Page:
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Every day I see more and more people starting out on their own journey into virtual photography and encounter artists of all different skill levels; from the greenest of first-timers to experienced real world photographers and seasoned game industry veterans.

There are a lot of different roads to virtual photography and I'm going to tell you that it doesn't matter which you are on, or even if you haven't set off yet, because at the end of them all is the pursuit of art, and it can definitely be done your way.

I can't draw, can't paint, can't play music and am not very spontaneous...
Moss Sporophytes

To that end, I thought I'd share with you how I have got here and the first revelation is that I don't consider myself to be very creative! I can't draw (not artistically anyway), can't paint, can't play music and am not very spontaneous but I do have a love of imaging and an eye for detail.

By day I am a research scientist in nuclear engineering, not much room for artistic interpretation there, but have also been a keen photographer for around 15 years. All of my photography skills have been learnt on-the-fly and stem from an initial interest in macro and detail shots, like this example of moss sporophytes on a wall near my home.

Everything I have learnt since has been driven by the simple desire to capture interesting images and in this regard, my virtual photography is no different.

As a life-long gamer with early memories of classic Atari titles, handheld LCD racers and my beloved Amiga 500+, there was a certain inevitability that my interests would eventually collide and my love for imaging soon bled into my gaming.

I would regularly use my PlayStation 3 to merely wander around the latest games, admiring the sculpted landscapes and marvelling at smoke, water and particle effects but it didn't really occur to me that these images could be captured at the time, after all, this was someone else's creation and I was simply enjoying it.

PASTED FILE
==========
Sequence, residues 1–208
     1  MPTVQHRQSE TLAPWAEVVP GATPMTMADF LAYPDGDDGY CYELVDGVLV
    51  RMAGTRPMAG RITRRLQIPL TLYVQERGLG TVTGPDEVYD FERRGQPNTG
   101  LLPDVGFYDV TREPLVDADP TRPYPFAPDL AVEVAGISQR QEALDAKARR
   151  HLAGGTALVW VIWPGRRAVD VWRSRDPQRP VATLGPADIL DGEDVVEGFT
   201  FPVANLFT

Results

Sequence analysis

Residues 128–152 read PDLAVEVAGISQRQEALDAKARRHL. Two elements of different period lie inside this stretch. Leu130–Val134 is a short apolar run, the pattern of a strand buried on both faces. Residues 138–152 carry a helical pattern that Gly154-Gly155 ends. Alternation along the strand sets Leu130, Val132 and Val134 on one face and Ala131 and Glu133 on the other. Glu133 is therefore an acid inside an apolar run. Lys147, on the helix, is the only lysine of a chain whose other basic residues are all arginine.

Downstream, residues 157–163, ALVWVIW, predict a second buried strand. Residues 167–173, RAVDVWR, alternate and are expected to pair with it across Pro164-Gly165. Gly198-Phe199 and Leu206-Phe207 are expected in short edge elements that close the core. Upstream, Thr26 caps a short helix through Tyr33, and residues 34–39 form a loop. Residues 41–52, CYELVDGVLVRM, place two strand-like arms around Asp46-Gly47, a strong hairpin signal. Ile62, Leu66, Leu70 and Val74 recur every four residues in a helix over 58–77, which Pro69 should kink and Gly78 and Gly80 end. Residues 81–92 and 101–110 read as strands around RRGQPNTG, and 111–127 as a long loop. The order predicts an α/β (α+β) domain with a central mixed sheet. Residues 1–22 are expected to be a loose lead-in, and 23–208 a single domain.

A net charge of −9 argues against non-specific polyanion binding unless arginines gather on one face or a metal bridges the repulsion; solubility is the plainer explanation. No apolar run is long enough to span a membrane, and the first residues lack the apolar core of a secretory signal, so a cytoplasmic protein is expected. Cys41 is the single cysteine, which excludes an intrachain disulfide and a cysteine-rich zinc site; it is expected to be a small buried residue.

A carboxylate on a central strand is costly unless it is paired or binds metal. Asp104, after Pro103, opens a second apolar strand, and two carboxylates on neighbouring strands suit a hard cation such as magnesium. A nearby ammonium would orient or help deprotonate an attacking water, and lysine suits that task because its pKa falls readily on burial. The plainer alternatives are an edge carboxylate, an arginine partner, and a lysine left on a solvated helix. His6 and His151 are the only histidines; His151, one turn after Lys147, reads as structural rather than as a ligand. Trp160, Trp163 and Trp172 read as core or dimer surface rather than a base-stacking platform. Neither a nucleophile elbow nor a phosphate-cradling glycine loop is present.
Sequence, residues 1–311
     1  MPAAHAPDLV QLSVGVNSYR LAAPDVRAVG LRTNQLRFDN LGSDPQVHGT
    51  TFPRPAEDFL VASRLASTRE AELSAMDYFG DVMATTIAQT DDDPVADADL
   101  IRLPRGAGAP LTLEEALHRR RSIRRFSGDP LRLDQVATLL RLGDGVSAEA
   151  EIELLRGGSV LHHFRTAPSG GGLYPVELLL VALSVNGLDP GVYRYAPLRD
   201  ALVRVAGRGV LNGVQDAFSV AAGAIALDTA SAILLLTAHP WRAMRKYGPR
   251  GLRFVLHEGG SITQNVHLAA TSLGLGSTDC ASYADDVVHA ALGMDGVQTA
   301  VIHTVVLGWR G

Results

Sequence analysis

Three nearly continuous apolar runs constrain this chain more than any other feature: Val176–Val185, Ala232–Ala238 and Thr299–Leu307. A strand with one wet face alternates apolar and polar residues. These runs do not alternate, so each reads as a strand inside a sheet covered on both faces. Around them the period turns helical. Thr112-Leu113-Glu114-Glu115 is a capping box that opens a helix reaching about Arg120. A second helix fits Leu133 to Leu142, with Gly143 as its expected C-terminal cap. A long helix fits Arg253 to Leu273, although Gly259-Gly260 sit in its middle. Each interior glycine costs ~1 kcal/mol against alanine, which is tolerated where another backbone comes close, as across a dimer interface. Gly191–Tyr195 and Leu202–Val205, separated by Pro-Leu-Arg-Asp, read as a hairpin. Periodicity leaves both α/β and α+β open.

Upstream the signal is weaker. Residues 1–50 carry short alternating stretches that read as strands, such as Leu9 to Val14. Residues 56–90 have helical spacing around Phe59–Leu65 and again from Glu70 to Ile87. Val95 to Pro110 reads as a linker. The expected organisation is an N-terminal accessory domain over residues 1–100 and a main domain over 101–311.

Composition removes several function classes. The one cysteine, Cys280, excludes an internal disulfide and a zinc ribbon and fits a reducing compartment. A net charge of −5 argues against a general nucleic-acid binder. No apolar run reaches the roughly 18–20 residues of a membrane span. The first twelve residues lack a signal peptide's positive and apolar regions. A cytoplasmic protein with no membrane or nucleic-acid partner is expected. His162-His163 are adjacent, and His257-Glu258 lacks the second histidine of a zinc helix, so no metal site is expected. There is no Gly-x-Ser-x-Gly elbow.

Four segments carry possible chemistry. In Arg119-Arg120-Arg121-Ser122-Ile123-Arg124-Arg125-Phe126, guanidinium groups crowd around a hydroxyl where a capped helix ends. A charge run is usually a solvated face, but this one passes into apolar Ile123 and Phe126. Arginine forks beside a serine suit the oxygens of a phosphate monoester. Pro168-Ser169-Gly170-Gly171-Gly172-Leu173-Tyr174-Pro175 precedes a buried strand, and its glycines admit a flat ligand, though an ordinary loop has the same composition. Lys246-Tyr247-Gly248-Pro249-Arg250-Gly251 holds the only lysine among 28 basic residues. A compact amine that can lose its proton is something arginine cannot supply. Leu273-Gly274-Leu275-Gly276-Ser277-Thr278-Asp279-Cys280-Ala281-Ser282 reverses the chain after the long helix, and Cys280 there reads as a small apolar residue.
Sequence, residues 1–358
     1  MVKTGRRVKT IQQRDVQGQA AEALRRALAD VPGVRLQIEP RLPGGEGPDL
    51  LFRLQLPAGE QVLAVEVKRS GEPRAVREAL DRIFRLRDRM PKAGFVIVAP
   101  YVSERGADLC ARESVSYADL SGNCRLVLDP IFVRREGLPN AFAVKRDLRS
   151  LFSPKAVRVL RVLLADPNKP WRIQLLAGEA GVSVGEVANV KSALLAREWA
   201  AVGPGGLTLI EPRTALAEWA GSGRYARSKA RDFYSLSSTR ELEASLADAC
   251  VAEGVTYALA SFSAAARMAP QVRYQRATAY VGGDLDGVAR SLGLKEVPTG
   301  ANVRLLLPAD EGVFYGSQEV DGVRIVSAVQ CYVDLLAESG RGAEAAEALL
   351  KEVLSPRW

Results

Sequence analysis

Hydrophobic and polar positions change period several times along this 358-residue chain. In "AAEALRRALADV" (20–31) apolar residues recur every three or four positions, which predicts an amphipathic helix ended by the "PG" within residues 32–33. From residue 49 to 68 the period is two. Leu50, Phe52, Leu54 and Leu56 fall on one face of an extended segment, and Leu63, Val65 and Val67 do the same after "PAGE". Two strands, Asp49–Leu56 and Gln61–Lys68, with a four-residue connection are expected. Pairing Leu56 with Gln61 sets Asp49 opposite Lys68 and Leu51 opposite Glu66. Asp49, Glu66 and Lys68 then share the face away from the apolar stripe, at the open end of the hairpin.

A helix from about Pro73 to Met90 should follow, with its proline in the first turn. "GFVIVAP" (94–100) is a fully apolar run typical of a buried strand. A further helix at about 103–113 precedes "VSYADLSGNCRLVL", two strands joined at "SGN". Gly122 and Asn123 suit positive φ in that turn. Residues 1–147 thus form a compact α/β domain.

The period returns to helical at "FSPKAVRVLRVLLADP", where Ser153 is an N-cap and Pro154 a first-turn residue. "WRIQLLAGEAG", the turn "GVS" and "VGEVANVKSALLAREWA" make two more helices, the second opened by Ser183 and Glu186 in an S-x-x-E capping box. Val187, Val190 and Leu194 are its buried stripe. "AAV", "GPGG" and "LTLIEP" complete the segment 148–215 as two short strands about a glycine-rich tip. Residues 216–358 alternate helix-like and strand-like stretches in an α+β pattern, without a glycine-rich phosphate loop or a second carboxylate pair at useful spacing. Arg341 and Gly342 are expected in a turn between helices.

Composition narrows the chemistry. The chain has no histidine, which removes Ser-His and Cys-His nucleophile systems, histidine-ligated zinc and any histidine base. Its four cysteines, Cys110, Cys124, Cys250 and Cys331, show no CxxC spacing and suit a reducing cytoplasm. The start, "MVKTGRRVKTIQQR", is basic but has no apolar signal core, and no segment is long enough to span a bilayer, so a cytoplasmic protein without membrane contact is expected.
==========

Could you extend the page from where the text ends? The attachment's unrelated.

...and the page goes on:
Eventually, along came a game called LittleBigPlanet! The inspired creation from Media Molecule was something of a revelation to me because, although I still couldn't think of many creative ideas, I found that the analytical scientist in me could manipulate the available tools to recreate some pretty cool things from my past.

By the time of the more advanced sequel, I had a working Pong AI opponent and an LCD racing game with randomly generated traffic that was buffered in memory so that the same cars would re-overtake you if you slowed down. OK, this doesn't really sound like virtual photography but LBP was the first instance of me sharing any sort of creative work with other people, via, and the first thing to make me capture screenshots of something I was proud of in a video game.

Unique and artistic images that convey real connections...

Fast forwarding to this generation, video games are ever more beautiful to behold and capturing screenshots is already taken for granted, but more importantly, we now have a real and developing art form in virtual photography. An art form which enables players to engage with their games on a different level while composing and capturing unique and artistic images that convey real connections.

Of course, capture art has been an industry staple for decades, crucial in the production of printed and promotional material but it is the inclusion of photo modes in many modern games that is now bringing creative free-camera tools to the consumer level. I, like probably most of you, have no experience from the industry driven side but nor do I feel like I need it to express my art and you certainly shouldn't think that you must have professional tools or a PC imbued with the power of the Gods to produce something of worth.

Wild Ponies on Lundy Island
Simply put, there are no prerequisites to art...

While I cannot deny that my real-world photography experience aids my virtual photography through the use of compositional techniques, directional lighting, depth of field, etc. there is nothing that you cannot learn through experience. In fact, virtual photography has also helped to develop my photography skills outside of games by enabling me to explore styles of imagery that I would not normally have engaged with.

Naturally, my interest in detail still comes through but in the virtual world I have not only found a liking for portraiture that I simply don't have with real humans, but can also conveniently experiment with otherwise impractical situations (where else can you photograph a superhero evading a rocket propelled grenade?) or capture profound emotions rarely exhibited openly in the real world!

Simply put, there are no prerequisites to art and no rules to dictate what you must do. Virtual photography has begun to uncover a huge wealth of artistic talent as people capture images of the games they love, in the way they interpret them; how you do it really is up to you.

Thank you for reading and feel free to add your own experiences in the comments below,


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